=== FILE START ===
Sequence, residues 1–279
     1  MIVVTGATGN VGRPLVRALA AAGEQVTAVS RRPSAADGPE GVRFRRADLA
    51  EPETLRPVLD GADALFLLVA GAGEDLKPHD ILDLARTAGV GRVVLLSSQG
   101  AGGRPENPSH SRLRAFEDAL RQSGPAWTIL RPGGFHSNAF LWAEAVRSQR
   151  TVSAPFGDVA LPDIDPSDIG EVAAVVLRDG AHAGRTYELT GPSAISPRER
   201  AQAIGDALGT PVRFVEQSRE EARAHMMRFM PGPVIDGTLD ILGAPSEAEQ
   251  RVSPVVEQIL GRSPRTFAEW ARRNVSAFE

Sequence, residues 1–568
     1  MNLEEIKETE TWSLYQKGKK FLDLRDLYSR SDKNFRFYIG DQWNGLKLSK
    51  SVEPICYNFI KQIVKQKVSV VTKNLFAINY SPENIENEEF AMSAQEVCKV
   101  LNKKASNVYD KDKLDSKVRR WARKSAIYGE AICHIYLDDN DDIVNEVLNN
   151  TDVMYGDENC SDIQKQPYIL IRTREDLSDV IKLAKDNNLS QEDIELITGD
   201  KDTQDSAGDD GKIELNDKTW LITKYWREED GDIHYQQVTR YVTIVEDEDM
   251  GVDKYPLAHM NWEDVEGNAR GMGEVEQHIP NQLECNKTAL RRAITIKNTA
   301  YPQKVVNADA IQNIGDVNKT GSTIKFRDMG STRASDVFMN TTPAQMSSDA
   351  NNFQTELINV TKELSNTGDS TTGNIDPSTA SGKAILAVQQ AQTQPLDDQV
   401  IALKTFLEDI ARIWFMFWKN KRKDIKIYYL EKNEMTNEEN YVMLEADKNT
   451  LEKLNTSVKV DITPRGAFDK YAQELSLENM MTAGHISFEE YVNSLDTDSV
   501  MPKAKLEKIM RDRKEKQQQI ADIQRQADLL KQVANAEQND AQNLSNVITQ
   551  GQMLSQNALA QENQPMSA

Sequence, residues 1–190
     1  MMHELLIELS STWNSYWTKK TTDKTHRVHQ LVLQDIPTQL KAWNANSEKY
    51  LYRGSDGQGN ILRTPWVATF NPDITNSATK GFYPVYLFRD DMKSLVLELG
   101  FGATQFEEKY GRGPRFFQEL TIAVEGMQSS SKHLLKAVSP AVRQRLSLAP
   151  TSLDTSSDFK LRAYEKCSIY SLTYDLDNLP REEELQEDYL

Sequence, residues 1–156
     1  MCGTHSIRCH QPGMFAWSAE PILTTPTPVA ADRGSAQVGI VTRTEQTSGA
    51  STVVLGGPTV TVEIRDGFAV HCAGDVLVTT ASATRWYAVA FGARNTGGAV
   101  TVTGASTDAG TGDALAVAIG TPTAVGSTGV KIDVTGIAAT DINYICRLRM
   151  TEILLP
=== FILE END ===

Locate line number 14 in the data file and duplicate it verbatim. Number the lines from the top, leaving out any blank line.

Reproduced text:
   251  GVDKYPLAHM NWEDVEGNAR GMGEVEQHIP NQLECNKTAL RRAITIKNTA